A 1964 Ferrari 250 LM, sold for $14.5 million, is the most expensive car purchased at auction.
By Federico Tibytt
RM Auctions, a company specialized in the sale of motorcars, held in conjunction with Sotheby’s New York, a rare auction dedicated to collectible automobiles, which were presented as priceless works of art. Ferraris, Bugattis, and Cadillacs were displayed in the same space that just a few days earlier had hosted Andy Warhol’s record setting painting Silver Crash Car, which sold for $105 million. While many detractors criticized the experiment, the sale's results were a huge success, reaching more than $62 million, a figure that exceeded by far the estimated $50 million that had been expected.
1956 Aston Martin DB 2/4 MKII.
Car collectors appreciate a vehicle not only for its performance, engine, functionality and rarity, but also for its design, aesthetic and historical value. Certainly, we assess the value of cars differently than we do works of art. But perhaps things are changing. Last November’s auction, titled The Art of the Automobile, was and indication that, in today’s market, motorcars are being perceived as artworks. The special auction featured 32 cars, two motorcycles and an array of motorsports-related objects.
1964 Ferrari 250 LM.
The RM event was a commercial success; in fact 11 of the vehicles sold reached a record price for their models. But, undoubtedly, the biggest moneymaker was a 1964 Ferrari 250 LM, sold to an anonymous buyer— who was bidding by telephone —for a staggering $14.5 million.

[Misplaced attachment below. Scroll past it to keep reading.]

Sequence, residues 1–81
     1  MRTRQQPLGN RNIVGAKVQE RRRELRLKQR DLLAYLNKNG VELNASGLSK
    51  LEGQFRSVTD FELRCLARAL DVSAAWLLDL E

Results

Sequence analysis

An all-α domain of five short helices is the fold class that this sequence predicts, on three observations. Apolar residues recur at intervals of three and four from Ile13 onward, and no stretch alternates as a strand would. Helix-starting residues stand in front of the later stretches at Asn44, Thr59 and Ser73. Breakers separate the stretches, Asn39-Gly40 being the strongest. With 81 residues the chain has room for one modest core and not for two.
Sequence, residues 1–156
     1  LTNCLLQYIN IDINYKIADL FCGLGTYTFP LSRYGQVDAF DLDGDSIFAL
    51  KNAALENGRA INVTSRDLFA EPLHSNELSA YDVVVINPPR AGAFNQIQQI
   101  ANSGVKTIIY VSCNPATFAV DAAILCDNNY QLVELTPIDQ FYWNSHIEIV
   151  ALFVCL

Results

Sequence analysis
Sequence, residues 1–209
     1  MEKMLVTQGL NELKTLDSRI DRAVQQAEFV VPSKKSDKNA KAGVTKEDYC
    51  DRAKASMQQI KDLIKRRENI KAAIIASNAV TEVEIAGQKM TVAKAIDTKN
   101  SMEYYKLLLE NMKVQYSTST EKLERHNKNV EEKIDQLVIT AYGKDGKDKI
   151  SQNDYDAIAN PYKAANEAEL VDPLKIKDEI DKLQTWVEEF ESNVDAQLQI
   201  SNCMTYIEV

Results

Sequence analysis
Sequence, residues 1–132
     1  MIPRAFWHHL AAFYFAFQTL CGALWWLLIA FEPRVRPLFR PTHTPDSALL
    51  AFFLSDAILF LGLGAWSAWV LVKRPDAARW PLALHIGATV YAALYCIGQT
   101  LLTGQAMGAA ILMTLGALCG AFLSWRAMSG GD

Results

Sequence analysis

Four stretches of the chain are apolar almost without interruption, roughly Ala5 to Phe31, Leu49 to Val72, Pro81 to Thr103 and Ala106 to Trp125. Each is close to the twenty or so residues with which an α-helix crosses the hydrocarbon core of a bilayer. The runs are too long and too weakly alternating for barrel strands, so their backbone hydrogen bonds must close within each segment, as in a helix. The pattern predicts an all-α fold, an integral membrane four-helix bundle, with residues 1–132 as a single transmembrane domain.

This unique model built at Ferrari’s plant in Maranello, Italy, was designed by Carrozzeria Scaglietti, and is one of the survivors of the 32 copies of the 250 LM made that year, a production that includes the last Ferrari to win the 24 hours of Le Mans, the most prestigious endurance race in the world.
Lincoln Indianapolis Exclusive Study.
The fact that the 32 cars were offered at auction as if they were works of art was criticized by many purists, some even implied that the experiment was a failure because models such as the Lincoln Indianapolis Exclusive Study, designed by Felice Mario Boano, sold for only $1.55 million, when the estimated price was between a low of $1.8 million and a maximum of $2.5 million. Furthermore, the 1997 Ferrari F1 racing car and the 1941 Cadillac The Duchess limousine were not of interest to the participating public and finally went unsold.
Beyond these missteps, the remainder of the auction made history. Models such as a 1956 Aston Martin DB 2/4 MKII designed by Carrozzeria Ghia, or a 1955 Maserati Spyder A6G/2000 designed by Zagato, were sold under the hammer for prices that satisfied the organizer's estimates and, in some cases, exceeded them.
1955 Maserati Spyder A6G/2000.
To offer industrial products as works of art could seem exaggerated to some. But for potential buyers, these vehicles could be displayed in museums around the world. The experiment conducted by RM Auctions will probably be repeated in the near future. Surely, car lovers will be able to enjoy, once again, magnificent "masterpieces on wheels". ■
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